I'm Going for wallyworld after all... This is only a small project for fun, and I won't even be riding the bicycle that much. More than likely I'll give it away to a friend soon, who has no drivers license, and is very short on money.
    So the 29 in bike it will be (as the 32in bike is still good for me, but too large for him)!

    I'm going to do some readup on the Genesis Onyx 29, before purchase!
     
  8. picklefish

    picklefish New Member

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    Hey whats with the weight comment....Im "fluffy"! lol I got the 66cc since I am so fluffy I thought Id need the power to haul me around. I dont notice any excessive vibration but then again, it takes more to move me.
     
  9. ProDigit

    ProDigit New Member

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    No offense meant with the weight mate! ;-)

    I'm just trying to compare, to see the strength of the frame, and performance of the engine in my situation to whatever info I got from other users/riders.
     
  10. nightcruiser

    nightcruiser New Member

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    Keeping your latest posts in mind (about possibly passing off the bike to a friend) I think a good way for you to go is buy the WM bike and a motor kit and build up a stock configuration first. Whether it be 48cc (preferred in States where 50cc Max is written into the law) or 66cc isn't a huge issue. Since you were initially inclined to push the limits of a 2-stroke kit I would probably suggest you go 66cc (if the law allows) so you can get an idea what power is available from the largest motor. After you have completed your first build and rode enough to break in the motor you will have gone through the learning curve we all go through on our first build, THEN you can access the whole situation from a point of experience. If you decide to tackle a second build you will have more experience with a motorized bicycle and be better able to logically access and achieve your initial goals.... and when you pass off your first build to your friend you will have someone to ride with...brnot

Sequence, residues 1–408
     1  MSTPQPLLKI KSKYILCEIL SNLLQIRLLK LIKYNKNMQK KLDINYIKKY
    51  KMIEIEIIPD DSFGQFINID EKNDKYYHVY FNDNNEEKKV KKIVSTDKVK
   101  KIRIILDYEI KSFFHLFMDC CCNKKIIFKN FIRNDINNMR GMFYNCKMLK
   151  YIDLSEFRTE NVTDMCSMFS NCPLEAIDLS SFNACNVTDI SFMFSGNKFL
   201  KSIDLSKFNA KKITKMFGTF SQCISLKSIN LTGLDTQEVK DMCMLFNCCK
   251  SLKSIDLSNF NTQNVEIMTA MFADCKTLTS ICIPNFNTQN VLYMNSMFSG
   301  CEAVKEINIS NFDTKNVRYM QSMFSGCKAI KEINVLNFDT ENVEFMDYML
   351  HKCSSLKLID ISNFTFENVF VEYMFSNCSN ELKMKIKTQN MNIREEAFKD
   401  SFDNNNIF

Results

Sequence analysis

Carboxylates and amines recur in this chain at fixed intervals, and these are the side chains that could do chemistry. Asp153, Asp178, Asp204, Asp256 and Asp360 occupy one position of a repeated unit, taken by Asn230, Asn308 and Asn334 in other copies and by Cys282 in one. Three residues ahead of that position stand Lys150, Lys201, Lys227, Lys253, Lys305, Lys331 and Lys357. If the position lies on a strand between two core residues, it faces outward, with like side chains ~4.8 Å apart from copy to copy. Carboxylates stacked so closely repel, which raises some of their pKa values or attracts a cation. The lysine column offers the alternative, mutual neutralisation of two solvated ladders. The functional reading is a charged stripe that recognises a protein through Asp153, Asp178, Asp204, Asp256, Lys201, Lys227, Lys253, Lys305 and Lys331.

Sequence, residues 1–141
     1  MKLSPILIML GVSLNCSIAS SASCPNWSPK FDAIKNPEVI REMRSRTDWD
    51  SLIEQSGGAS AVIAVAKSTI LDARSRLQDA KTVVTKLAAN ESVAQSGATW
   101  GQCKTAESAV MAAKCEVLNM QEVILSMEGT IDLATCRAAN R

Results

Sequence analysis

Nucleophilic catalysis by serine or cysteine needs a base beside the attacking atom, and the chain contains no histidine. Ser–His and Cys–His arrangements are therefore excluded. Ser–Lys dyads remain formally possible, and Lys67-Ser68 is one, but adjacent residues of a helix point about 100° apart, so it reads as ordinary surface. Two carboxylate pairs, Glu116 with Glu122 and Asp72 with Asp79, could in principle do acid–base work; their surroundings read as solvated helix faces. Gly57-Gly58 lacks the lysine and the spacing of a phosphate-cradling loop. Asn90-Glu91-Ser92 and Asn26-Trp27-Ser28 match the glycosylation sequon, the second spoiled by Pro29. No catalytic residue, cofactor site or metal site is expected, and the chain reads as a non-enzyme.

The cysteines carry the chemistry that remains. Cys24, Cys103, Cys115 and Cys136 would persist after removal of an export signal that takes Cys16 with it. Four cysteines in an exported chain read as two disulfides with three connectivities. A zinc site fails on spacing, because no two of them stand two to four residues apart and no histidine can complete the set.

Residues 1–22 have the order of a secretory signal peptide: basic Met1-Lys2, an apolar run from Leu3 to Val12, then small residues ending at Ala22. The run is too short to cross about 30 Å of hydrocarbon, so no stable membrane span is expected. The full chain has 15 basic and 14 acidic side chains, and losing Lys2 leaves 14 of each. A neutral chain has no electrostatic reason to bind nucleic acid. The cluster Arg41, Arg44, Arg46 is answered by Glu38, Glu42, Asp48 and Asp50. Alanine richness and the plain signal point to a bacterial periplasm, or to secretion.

11. picklefish

    picklefish New Member

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  12. ProDigit

    ProDigit New Member

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    I like your logic, how you think; and can agree to that!